For the last day of our Advent of Christmas books, we have been enjoying quite a varied selection. The list of stories we wanted to read, and activities we planned to do, was so long that of course we haven’t got to the end of it, but we’ve had a good try.
Monkey and Rabbit have been trying out the Star Paws Animal Dress-Up Christmas Sticker Book which was sent to us by the lovely people at Macmillan. They both liked it, and had fun dressing up the animals in silly Christmas outfits.
Early in the evening Tiddler and I had a lovely quiet time together singing along to Twinkle Twinkle Little Star, A Lullaby Book with Lights and Music, and then I read Thomas’s Christmas Party to him.
And later on I read to Owl. We started with Clement C. Moore’s “The Night Before Christmas”, from The Christmas Book, compiled by James Reeves.
He then read by himself for a while. He had been asking about the story of Scrooge, so I found him a copy of Dickens’ Christmas Books and he made a start on A Christmas Carol. After a while, I took over and read a bit more to him. He is enjoying it and was even laughing out loud in places. I’m looking forward to reading the rest of it with him, though I think he might finish it before I get the chance.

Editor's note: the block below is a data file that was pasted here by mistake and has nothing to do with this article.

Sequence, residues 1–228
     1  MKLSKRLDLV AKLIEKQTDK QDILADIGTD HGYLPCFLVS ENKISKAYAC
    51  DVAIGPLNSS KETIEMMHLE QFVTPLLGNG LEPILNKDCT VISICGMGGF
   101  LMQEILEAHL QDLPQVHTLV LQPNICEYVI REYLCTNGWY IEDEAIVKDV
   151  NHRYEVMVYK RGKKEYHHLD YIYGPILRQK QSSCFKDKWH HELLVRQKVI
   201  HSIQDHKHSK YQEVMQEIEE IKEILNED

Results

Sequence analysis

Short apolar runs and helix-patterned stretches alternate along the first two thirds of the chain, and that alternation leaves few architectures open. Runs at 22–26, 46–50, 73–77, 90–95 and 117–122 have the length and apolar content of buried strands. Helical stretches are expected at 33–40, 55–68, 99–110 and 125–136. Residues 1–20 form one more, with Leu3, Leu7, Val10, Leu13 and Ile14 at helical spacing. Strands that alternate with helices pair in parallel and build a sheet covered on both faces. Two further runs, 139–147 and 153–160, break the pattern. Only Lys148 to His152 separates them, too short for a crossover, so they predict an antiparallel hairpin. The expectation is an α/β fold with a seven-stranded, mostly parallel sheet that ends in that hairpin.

We have enjoyed our Advent of Christmas books, and I think it will become a family tradition. There are so many books and poems I want to share with the children, and twenty-four days just wasn’t enough. But Christmas isn’t over yet, so I’m sure we’ll be reading some more over the next twelve days. If nothing else, we must read this one – it should have been this evening, but we ran out of time.
The Oxen, by Thomas Hardy
Christmas Eve, and twelve of the clock.
‘Now they are all on their knees,’
An elder said as we sat in a flock
By the embers in hearthside ease.
We pictured the meek mild creatures where
They dwelt in their strawy pen,
Nor did it occur to one of us there
To doubt they were kneeling then.
So fair a fancy few would weave
In these years! Yet, I feel,
If someone said on Christmas Eve,
‘Come; see the oxen kneel
‘In the lonely barton by yonder coomb
Our childhood used to know,’
I should go with him in the gloom,
Hoping it might be so.